Most mornings my breakfast consists of a piece of whole wheat toast slathered with peanut butter, or yogurt and Dorset cereal, or a microwave poached egg and toast.
On weekends, the breakfast bar often gets raised a notch. The skillet comes out, and soon the heady aroma of crisply cooked bacon and fried eggs (sunny side up is my fave!) fills the house. Aaaahhhh! The breakfast of champions!
You can never go wrong with bacon and eggs, but when it’s a special morning or you’re preparing breakfast for guests, it’s fun to serve up something a little different.
While in New York City recently, I attended a Four Star Breakfast cooking class at the Institute of Culinary Education. The four-hour class was taught by Chef Chad Pagano. Besides me, there were 13 other breakfast lovers looking to learn some new recipes for the most important meal of the day.
Chef Chad started the class by going over the recipes we’d be preparing. We were to work in groups to prepare as many of the recipes as we wanted or had time to cook. I was paired with Mary, the friendly woman sitting beside me, and a fellow wearing a chef’s jacket. He turned out to be a graduate of the school although he was not working as a chef.
My group opted to start with Potato Fritter Pancakes with Foie Gras, Balsamic Syrup and Creme Fraiche. Our chef partner (we’ll call him Chef J) took the lead, directing Mary and I to gather the ingredients we needed and measure them out, then explaining cooking terms and techniques to us, giving us tips on how to whisk properly, how to pour liquids into a bowl, how to chop, how to do this and how to do that. At times it was a bit much and I was tempted to tell him he wasn’t the boss of me, and that I actually knew how to cook as I’d been doing it for many years and had taken some formal cooking training myself. However, I figured it wasn’t worth making a fuss. There probably were a few things I could learn.
Our potato pancakes turned out very well. The syrup was really easy. (Here’s the recipe: Combine 1 cup (250 mL) each balsamic vinegar, red wine, Ruby Port and dark brown sugar. Reduce over high heat until very thick.) The foie gras was a buttery rich treat although I’m still not sure on which side of the fence I sit on the ethical issue of foie gras. (That’s another discussion for another day!)
By the time we’d finished the potato pancakes, another group was serving up Eggs Benedict with Smoked Salmon and Yogurt Dill Sauce.
Then it was on to what would turn out to be my favourite recipe – Croissant French Toast filled with Goat Cheese, Herbs and Strawberries. I’ve made a variation of this recipe before, but using two pieces of bread instead of a croissant and sandwiching them together with cream cheese and strawberry jam, then dipping the sandwich in a beaten egg and milk mixture.
With this recipe, the dipping mixture was made with half and half, eggs, orange juice, orange rind, cinnamon and nutmeg. Into a pocket cut in each croissant we stuffed a mixture of goat cheese and chopped fresh herbs, then tucked in some sliced strawberries. The filled croissants were soaked in the egg mixture, then cooked on both sides until golden brown and served with a drizzle of maple syrup and a dollop of whipped cream.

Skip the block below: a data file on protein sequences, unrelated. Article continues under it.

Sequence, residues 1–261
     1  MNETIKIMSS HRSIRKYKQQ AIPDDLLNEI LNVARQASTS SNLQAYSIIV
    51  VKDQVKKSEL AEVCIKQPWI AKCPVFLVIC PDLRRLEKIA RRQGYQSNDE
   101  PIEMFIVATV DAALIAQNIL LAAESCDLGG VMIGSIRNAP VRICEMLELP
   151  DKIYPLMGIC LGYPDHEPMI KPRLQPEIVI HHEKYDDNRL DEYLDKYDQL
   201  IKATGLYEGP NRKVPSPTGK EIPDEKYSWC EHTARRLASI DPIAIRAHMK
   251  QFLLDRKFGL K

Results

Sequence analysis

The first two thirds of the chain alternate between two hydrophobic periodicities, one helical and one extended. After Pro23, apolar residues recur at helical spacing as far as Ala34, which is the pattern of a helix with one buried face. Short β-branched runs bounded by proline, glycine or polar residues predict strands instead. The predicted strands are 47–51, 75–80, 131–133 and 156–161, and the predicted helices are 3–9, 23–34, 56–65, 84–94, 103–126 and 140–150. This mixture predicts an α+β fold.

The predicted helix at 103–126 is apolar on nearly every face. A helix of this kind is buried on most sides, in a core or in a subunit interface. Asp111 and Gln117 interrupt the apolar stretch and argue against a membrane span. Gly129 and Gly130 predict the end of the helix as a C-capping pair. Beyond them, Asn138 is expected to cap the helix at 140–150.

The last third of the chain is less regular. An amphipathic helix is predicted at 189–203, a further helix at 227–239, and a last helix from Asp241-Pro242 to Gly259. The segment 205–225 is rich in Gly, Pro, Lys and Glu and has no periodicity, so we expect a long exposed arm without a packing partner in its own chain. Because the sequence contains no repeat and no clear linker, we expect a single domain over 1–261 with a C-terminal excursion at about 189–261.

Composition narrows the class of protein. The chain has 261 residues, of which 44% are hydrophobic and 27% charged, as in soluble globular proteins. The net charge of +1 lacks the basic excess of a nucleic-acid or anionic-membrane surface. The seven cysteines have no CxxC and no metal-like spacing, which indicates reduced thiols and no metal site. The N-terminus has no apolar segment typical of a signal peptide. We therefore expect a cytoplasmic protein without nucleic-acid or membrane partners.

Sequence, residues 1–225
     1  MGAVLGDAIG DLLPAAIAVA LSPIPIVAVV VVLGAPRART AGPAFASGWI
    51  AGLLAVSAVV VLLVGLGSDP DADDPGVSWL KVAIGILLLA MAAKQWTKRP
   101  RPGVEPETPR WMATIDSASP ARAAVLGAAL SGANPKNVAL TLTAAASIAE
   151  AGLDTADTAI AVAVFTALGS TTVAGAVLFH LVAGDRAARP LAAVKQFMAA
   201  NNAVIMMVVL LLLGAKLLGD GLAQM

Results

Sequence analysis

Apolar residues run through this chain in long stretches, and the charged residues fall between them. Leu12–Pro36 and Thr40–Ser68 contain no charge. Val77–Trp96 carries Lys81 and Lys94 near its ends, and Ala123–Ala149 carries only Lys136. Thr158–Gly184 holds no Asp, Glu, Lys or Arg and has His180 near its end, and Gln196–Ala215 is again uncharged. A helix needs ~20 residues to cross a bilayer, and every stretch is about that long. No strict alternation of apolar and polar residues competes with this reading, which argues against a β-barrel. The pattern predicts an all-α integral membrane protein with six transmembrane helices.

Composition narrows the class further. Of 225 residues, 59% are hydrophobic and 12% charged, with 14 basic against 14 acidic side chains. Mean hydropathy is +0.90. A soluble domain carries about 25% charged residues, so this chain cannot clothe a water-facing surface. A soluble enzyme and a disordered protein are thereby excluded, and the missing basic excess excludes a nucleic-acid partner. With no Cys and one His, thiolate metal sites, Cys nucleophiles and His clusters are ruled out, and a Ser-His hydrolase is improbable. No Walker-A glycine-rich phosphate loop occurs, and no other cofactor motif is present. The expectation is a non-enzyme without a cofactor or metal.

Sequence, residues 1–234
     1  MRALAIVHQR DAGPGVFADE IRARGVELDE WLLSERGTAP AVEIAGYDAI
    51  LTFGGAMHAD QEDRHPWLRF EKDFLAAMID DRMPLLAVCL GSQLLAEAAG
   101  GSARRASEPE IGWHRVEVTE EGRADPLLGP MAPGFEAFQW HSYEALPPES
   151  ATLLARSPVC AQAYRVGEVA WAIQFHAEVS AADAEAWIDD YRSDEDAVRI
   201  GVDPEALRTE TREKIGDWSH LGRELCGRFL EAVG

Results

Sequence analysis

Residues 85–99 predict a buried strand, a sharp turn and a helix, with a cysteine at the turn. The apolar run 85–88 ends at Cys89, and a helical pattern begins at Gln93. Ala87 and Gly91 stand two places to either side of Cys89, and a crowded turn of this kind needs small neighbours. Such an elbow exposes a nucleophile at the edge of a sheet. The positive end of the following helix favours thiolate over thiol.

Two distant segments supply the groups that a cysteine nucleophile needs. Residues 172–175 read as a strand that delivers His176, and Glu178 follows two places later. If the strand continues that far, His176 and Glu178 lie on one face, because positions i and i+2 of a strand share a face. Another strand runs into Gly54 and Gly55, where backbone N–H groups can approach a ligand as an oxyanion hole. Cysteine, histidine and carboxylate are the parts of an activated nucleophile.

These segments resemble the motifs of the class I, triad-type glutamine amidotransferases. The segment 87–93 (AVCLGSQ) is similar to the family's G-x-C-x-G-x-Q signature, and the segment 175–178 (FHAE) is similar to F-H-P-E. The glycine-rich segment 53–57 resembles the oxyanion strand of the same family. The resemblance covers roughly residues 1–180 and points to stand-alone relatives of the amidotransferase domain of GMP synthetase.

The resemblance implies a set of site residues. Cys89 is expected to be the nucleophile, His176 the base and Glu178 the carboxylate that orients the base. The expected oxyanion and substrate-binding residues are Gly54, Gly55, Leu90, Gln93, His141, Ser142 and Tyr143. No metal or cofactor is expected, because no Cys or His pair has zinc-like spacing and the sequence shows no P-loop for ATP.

Meanwhile, another group had made Poached Eggs and Spinach served over Brioche Toast with Cheddar Cheese Sauce and Hickory Smoked Bacon, and it was ready for sampling.
Chef Chad had a Three Cheese Frittata with Roasted Red Peppers, Pesto and Broccoli Rabe Sausage on the list of recipes we could make, but Chef J wanted to show Mary and I how to make a “fun frittata”. Sure, why not, we agreed. Since I work for the Egg Farmers of Ontario, I figured I probably knew almost every way to make a frittata, but hey, you can always teach an old dog new tricks.
First we cooked a thick frittata on the stove top until it was set. Then Chef J placed a clean cutting board on our table and wound a towel around the handle of the skillet. He picked up the skillet, swung it over his head, and with a resounding thwomp, smashed the pan upside-down onto the cutting board. Conversations halted mid-sentence as our fellow cooks looked over at us in surprise. (Hey, this frittata was not only “fun”, but it was a sure-fire attention getter!)
Chef J carefully lifted up the skillet and luckily most of the frittata stayed behind on the cutting board. (Had we had a non-stick skillet, it would have been the ideal pan to use.) A little cheese sprinkled over the top (or was it the bottom?) of the frittata covered up any missing bits of egg, and there it was – the “fun frittata”!
I certainly enjoyed the class and I did come home with a few new recipes that I would make again, however, when it comes to cooking classes, my preference is a demonstration format. I personally learn more when the chef or cooking instructor prepares each recipe in front of the entire class, giving tips and techniques along the way. That way everyone benefits from seeing each recipe demonstrated and getting a chance to sample everything.